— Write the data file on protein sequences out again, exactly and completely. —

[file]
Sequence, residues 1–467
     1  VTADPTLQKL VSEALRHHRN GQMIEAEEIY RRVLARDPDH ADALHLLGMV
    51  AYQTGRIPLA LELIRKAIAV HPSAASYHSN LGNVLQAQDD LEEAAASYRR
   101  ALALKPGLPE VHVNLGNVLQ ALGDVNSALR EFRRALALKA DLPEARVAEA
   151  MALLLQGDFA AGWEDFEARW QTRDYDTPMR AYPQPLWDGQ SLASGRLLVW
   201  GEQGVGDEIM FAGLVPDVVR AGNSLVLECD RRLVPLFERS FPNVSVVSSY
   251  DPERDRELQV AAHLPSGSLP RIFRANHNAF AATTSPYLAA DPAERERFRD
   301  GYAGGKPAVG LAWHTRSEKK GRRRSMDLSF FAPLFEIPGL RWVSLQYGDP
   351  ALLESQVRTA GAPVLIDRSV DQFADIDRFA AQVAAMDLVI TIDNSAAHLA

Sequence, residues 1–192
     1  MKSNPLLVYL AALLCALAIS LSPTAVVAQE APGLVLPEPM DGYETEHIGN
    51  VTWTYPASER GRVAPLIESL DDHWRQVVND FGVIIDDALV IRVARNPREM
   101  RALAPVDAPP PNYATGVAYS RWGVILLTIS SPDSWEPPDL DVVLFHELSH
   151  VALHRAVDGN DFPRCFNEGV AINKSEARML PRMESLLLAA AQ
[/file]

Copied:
Sequence, residues 1–467
     1  VTADPTLQKL VSEALRHHRN GQMIEAEEIY RRVLARDPDH ADALHLLGMV
    51  AYQTGRIPLA LELIRKAIAV HPSAASYHSN LGNVLQAQDD LEEAAASYRR
   101  ALALKPGLPE VHVNLGNVLQ ALGDVNSALR EFRRALALKA DLPEARVAEA
   151  MALLLQGDFA AGWEDFEARW QTRDYDTPMR AYPQPLWDGQ SLASGRLLVW
   201  GEQGVGDEIM FAGLVPDVVR AGNSLVLECD RRLVPLFERS FPNVSVVSSY
   251  DPERDRELQV AAHLPSGSLP RIFRANHNAF AATTSPYLAA DPAERERFRD
   301  GYAGGKPAVG LAWHTRSEKK GRRRSMDLSF FAPLFEIPGL RWVSLQYGDP
   351  ALLESQVRTA GAPVLIDRSV DQFADIDRFA AQVAAMDLVI TIDNSAAHLA

Sequence, residues 1–192
     1  MKSNPLLVYL AALLCALAIS LSPTAVVAQE APGLVLPEPM DGYETEHIGN
    51  VTWTYPASER GRVAPLIESL DDHWRQVVND FGVIIDDALV IRVARNPREM
   101  RALAPVDAPP PNYATGVAYS RWGVILLTIS SPDSWEPPDL DVVLFHELSH
   151  VALHRAVDGN DFPRCFNEGV AINKSEARML PRMESLLLAA AQ